Cause of death? “It has not yet been revealed how, when, or where he died.” Leaving open the possibility he never died and still walks among us. Oooga-booga!
The Soviet answer to Captain America. Also the guy whose death — first faked, then not-faked — made Black Widow a literal widow. Is there anything else you need to know? Judging from his two-issue lifespan, not really. C-
Cause of death? Saves the Avengers by shoving his erstwhile ally’s gun aside, triggering an explosion in their volcano secret base. Exactly how Rocky IV ended in Sly’s first draft.
Stayed dead? Well, we couldn’t call her Black Widow if she wasn’t a widow no more, now, could we? Just kidding. Yeah, he came back with a bug up his ass about Natasha leaving him.
This human adoptee of “the city of the bird-people” debuted in the Golden Age, which the Handbook series insists never existed. So instead we’re told he first appeared in an issue of X-Men, where we find out he put his entire city in suspended animation to prevent them from waging a suicidal war on the human race. There’s apparently no endgame to his plan, though, as he hits the snooze button when the X-Men’s Angel discovers his island and accidentally wakes him up. He later blows the whole thing up by accident after realizing the suspended animation capsules malfunctioned and everyone died. Well… that’s one way of keeping the peace, I suppose. How do you suppose he built all those capsules without anyone noticing? D+
Cause of death? Accidentally blew up the entire island while lashing out in grief. Seems only fitting given how thoroughly he mucked up everything else.
Stayed dead? Of course not — it’s later revealed he faked everything: his death, his peoples’ death, the whole bit. Why? Who cares? We’ve got our island of bird-people, that’s all that matters.
1. His real name is Johann Schmidt, and he strongly suggests you keep that “John Jacob Jingleheimer Schmidt” nonsense to yourself.
2. He began his Red Skull career when Hitler, seeing a “hatred of all mankind” in a bellhop’s eyes, decided on the spot to mold the young man into the Reich’s supreme terrorist. This is the kind of out-of-the-box HR planning that frankly one expects from a guy like Hitler.
3. Hitler’s advisers would have pointed out the stupidity of his plan, but they were just grateful it stopped him from pushing his other plans for laser-mounted Nazi sharks.
4. Hitler “personally took over Schmidt’s training,” and now all I’m seeing is Hitler in sweatpants and blowing a whistle while Schmidt is doing chin-ups in an ’80s sports movie montage.
5. It was also Hitler who gave Schmidt his name and mask, which makes me wonder where the mask came from, and what other uses Hitler might have had for it before giving it to Schmidt. Hey, fuhrers have needs, too, yo.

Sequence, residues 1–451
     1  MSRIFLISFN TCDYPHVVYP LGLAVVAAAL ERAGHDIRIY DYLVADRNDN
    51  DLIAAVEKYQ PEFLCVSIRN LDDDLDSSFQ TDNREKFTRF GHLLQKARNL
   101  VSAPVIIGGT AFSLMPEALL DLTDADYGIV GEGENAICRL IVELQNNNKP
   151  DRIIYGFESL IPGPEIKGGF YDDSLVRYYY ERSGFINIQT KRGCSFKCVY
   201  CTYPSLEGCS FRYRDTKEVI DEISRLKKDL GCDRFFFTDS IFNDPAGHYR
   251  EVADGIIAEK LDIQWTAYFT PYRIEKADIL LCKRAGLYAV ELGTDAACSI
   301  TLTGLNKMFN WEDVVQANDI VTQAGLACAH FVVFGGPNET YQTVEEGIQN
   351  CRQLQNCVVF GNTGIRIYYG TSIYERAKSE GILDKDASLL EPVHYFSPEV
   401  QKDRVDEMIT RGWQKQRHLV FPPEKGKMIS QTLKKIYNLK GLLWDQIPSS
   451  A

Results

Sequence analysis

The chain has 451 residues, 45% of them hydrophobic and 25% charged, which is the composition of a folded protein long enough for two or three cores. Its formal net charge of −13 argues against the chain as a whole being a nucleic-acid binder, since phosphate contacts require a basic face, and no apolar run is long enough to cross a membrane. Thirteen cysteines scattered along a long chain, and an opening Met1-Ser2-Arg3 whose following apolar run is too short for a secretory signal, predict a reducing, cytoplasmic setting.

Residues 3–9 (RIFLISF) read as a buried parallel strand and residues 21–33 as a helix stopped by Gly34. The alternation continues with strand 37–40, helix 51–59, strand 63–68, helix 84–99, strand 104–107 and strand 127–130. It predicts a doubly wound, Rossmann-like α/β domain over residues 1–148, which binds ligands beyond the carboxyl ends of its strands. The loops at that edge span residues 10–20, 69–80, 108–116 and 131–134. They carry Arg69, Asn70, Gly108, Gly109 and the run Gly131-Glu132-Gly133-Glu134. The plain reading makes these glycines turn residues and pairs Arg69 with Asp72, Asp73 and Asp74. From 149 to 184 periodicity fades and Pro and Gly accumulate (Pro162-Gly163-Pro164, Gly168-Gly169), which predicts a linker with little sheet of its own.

6. Hitler financed the building of secret bases around the world for the Red Skull’s personal use, filling them with all manners of top-secret weapons designed by top Nazi scientists. I bet the German soldiers on the Russian front really appreciated that allocation of wartime resources.
7. “Wow, my hand-picked master terrorist has murdered all his political rivals and positioned himself to take over after I’m gone, which means I’m now fearing for my life. How did I not see this coming? Oh, right, because I suck.”
8. Red Skull survived the fall of Berlin when a bunker cave-in accidentally released “experimental gases” and placed him in suspended animation. I love the who-gives-a-shit hand-waving that goes into these kinds of editorial decisions. “How is the Red Skull still alive to take on Cap after all these years? Uh… experimental gases. What, he can’t be a terrorist and a mad scientist? Look, kid, just cough up 12 cents, okay?”
9. There was a second Red Skull stirring up trouble in the 1950s while Original Flavor Red Skull was taking a nap, but no one ever pretended to notice they were two different people. Kind of like there was a second Becky for a while on that Rosanne show when the first one went away. No, wait — exactly like that.
10. There’s a picture in this entry I absolutely adore of the Red Skull stepping aside while the Kingpin lunges forward and rams his big fat head into a wall. Olé!
11. Under “Weapons,” we learn he used a deadly red dust that turned the faces of his murder victims into facsimiles of his own skeletal mug, and he often hummed or whistled Chopin’s funeral march while committing murders. One, it’s nice to see someone make the effort to bring their love of the arts into their work. Two, I wonder if he ever considered updating his music. “Another One Bites the Dust” feels thematically appropriate. Or if he wanted to be a real asshole, he could arrange to have his victims hear “Copacabana” as they’re checking out. “Her name was Lola, she was a showgirl…” A